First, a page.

Birria Taco Shop's Opening in San Diego's Old Town a Pandemic Positive

With her business suffering amid the pandemic, Chef Priscilla Curiel made the decision to move her popular, Michelin-recognized birria taco shop from the border-adjacent town of San Ysidro to the more bustling Old Town in the heart of San Diego

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This story is part of NBC’s Rebound, a 12-episode series airing on NBC 7’s streaming devices and NBC's Peacock. New episodes of Priscilla'’ four-part story air on Wednesdays.

"De algo negativo, siempre viene algo positivo."

It means from the negative comes the positive in Spanish and it's the saying San Diego chef Priscilla Curiel uses to explain the coronavirus pandemic.

Curiel shut down her San Ysidro taco shop in early November after an 18-month U.S.-Mexico border shutdown severely stunted her flow of customers, many of whom were daily border crossers prior to the pandemic.

With her business suffering, Curiel made the decision to move her popular, Michelin-recognized birria taco shop from the border-adjacent town to the more bustling Old Town in the heart of San Diego.

I wish the pandemic never happened. But I mean, you want to look and take something positive out of something negative

Chef Priscilla Curiel

Tuétano Taqueria officially opened on Dec. 1 to steady crowds and satisfied customers. Her new endeavor, a Baja-inspired seafood small plates restaurant called Mar Rustico, is opening this week.

"I wouldn't be here if the pandemic wouldn't have happened. I mean, I wish the pandemic never happened. But I mean, you want to look and take something positive out of something negative," Curiel said. "Like [from] the storm comes the rainbow afterwards."

When Mar Rustico opens, Curiel will be the operator of three San Diego businesses; her third is a grab-and-go burrito and coffee shop in National City called Mujer Divina -- an idea concocted amid the takeout era of the pandemic.

But if you think the 34-year-old business owner is stopping there, you'd be wrong.

She's "looking for a bigger space, a more sit-down space, because [Mujer Divina] grew out of the pandemic so it was only takeout," Curiel said. "So I'm looking for something that people can bring their laptop and enjoy their coffee sitting down.

"And, probably learn latte art! That's something I want."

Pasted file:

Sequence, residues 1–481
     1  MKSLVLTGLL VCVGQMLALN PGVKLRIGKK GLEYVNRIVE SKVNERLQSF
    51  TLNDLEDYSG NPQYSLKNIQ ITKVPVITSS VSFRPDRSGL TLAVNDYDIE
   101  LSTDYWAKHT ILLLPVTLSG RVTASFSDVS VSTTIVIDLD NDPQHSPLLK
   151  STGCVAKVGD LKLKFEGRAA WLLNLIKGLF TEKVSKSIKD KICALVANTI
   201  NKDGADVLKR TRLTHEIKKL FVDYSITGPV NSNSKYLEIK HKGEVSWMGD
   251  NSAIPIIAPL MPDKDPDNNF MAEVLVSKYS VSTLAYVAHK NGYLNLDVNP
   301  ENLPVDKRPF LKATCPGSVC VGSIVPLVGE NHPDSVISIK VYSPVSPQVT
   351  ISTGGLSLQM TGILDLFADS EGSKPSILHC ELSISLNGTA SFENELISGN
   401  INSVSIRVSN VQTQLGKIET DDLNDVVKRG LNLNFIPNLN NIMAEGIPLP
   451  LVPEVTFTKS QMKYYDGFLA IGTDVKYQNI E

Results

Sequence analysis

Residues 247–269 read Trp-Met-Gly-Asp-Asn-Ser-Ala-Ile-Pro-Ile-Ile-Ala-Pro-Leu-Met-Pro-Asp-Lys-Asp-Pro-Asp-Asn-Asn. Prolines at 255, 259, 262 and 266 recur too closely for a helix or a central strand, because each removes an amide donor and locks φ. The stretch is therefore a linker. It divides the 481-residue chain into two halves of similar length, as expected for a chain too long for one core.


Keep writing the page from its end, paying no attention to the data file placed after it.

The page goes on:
San Diego Chef Priscilla Curiel has everything she needs to open her new restaurants, Tuétano Taqueria and Mar Rustico: she has the perfect locations, she has her carefully crafted recipes, she has the vision. The only thing she’s missing is a steady supply of ingredients, as the pandemic supply chain problems hit her Michelin-recommended birria tacos.

For Curiel, there's always a "next thing" because, for her, it's a way to improve.

"It's always about progressing and learning," she said. "Not moving on [from] projects but making projects, like, solid and move on to something else and keeping everything you touch solid."

For now, she'll be focusing on making her current places "solid," which includes prepping her recognized bone marrow birria tacos two or three days in advance every day of the week.

As for the customers who showed up to Tuétano's opening, some were familiar faces who would eat at her San Ysidro location; others were admirers from afar who got the chance to check out the more central location.

"We used to drive down to San Ysidro to go to Tuétano because their tacos are very special," Mike Vella said. "Their birria tacos are extremely authentic and just delicious so we used to drive down there to get them and when we heard they were opening up a restaurant here we were very excited."

First-timers Dave and Laurie Courtney were so impressed by the food, they came back days later for seconds.

"It's as good as the pictures look and better and the bone marrow is an awesome extra," Dave Courtney said.

To her customers, Curiel is grateful.

"Grateful for their support for liking the food and for always cheering, Curiel said. Even though we were in San Ysidro and many couldn't make it, even by liking a picture on Instagram, I'm grateful for that. For a follow, for a tag, that's awesome."

Curiel shared her journey -- from closing her San Ysidro location to opening her new taco shop in Old Town -- with NBC's Rebound. She said the experience allowed her to give customers a fuller picture of her work.

"It was nice telling people my story because many people just look at the success but don't look at the struggles to get to that success," Curiel said. "I mean, I can't think of any successful person in what they do, not having struggles before getting there.

"And I think I'm not there yet. I still have more to prove to myself. I think your persona is, like, your only competition. You have to prove to yourself, work harder on yourself to improve."

About NBC’s Rebound

NBC’s Rebound series started during the coronavirus pandemic as ever-shifting orders and shutdowns threatened small businesses across the United States. Despite the challenges, small businesses stepped up.

Now on Season 5, Rebound follows three small businesses as they do what it takes to keep business going amid the pandemic.

Watch Rebound here, on NBC’s streaming service, Peacock or on the devices below:

More From NBC's Rebound

NBC's Rebound gives three business owners cameras to document their own journey through the coronavirus pandemic. Here are some previous episodes:

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